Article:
I have a 1985 cape dory that I keep in Noank CT. It has CNG which works fine for me. Suggest you contact Corp Brothers in Providence RI. It's where I exchange my tanks and they are very knowledgeable and helpful. Maybe they can make up the hose you want or steer you in right direction. Good luck


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Old 18-11-2015, 20:21   #25
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Re: CNG Supply Line - Tank to Stove 20'

Quote:
Originally Posted by Moxie 38 View Post
Thank you for your followup reply. Unfortunately, metal tubing (cu, ss, etc.) though easy to terminate with typical mpt / fpt fittings cannot be effectively routed below deck with multiple turns from my stern locker to the galley without pre-bending sections and adding additional couplings.

Additionally, every coupling added to transition from metal tubing at each end to a flexible polymer tubing for termination at both ends produces an additional joint to be watched for potential leaks.

The answer at this time appears to be a CNG compatible flexible hose system - internally conductive or not (who makes up all these rules??) that is abrasion resistant for the motion-related quotient of a boat and able to be terminated with reliable continuity from one end to the other. Why so much scrutiny for the safer CNG than propane??

What has me stymied is the fact that hose for propane transmission is so much simpler and, apparently not questioned, though potentially much more dangerous in a vessel on the water if it were to leak.
I checked NFPA 52 which ABYC references for hose with CNG systems. Really a good basic hose similar to propane would be fine. Generally copper fittings and copper tubing do not meet NFPA 52. So you will want SS or aluminum fittings.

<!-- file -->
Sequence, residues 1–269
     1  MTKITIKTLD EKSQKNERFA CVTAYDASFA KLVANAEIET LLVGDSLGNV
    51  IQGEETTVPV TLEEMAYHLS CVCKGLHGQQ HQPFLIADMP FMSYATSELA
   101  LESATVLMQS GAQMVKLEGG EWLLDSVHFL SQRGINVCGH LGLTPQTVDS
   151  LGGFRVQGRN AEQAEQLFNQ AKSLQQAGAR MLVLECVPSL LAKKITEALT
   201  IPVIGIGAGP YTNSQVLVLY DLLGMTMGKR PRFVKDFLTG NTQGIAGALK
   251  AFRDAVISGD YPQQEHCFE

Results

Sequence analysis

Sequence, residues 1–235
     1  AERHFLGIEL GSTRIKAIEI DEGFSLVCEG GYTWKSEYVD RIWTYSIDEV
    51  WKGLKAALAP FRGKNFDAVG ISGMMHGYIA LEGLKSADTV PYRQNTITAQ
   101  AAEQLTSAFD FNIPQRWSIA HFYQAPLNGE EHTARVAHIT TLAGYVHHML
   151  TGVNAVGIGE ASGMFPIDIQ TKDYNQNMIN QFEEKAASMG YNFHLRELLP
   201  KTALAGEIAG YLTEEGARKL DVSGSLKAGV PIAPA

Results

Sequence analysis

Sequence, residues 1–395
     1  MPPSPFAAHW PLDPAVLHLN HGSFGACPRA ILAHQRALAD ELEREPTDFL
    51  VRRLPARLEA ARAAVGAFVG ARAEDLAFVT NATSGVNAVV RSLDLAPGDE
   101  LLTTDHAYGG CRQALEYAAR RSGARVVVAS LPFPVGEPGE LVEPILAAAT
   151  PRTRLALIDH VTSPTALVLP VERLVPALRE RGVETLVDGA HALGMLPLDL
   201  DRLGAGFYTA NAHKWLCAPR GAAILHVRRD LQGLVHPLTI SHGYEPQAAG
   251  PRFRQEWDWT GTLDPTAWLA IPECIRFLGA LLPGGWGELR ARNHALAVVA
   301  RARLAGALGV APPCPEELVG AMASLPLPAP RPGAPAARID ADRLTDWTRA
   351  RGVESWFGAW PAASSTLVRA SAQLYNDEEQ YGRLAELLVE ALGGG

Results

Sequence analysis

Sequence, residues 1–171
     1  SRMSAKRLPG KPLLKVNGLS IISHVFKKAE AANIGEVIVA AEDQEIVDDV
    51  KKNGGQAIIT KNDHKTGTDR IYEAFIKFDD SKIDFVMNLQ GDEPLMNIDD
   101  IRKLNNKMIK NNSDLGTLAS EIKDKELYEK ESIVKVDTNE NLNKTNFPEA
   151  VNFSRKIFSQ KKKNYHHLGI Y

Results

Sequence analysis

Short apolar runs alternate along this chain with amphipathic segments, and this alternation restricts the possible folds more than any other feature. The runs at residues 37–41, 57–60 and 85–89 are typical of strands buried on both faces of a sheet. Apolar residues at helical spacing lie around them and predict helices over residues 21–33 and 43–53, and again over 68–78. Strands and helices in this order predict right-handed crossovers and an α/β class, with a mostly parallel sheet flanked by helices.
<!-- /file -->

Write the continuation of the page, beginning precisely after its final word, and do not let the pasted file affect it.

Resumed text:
So hose is not really that big an issue.

CNG is safer the propane inside the boat. But it has a few issues, mainly dealing with the 3300 psig storage pressure and a very complex three stage regulator. It is far more complex due to the pressures of storage. Where as propane at 150 psig storage pressure is rather simple to deal with with a simple single stage regulator. But yes a propane leak inside the boat would be far more problematic then NG.
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Old 19-11-2015, 06:42   #26
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Re: CNG Supply Line - Tank to Stove 20'

I was told the CNG hose will shrink during a fire and close of the flow of gas. I recall reading in ABYC that all runs from tank to stove or other device must be continuous.
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Old 19-11-2015, 06:57   #27
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Re: CNG Supply Line - Tank to Stove 20'

Just how hard is it to find CNG when cruising ? I recently read an article in a fire fighting mag that said as leaks from propane gather in the low areas of a boat waiting for an ignition source , CNG gathers in high areas such as ceilings and are waiting also for an ignition source , CNG also causes problems when breathed as it displaces oxygen .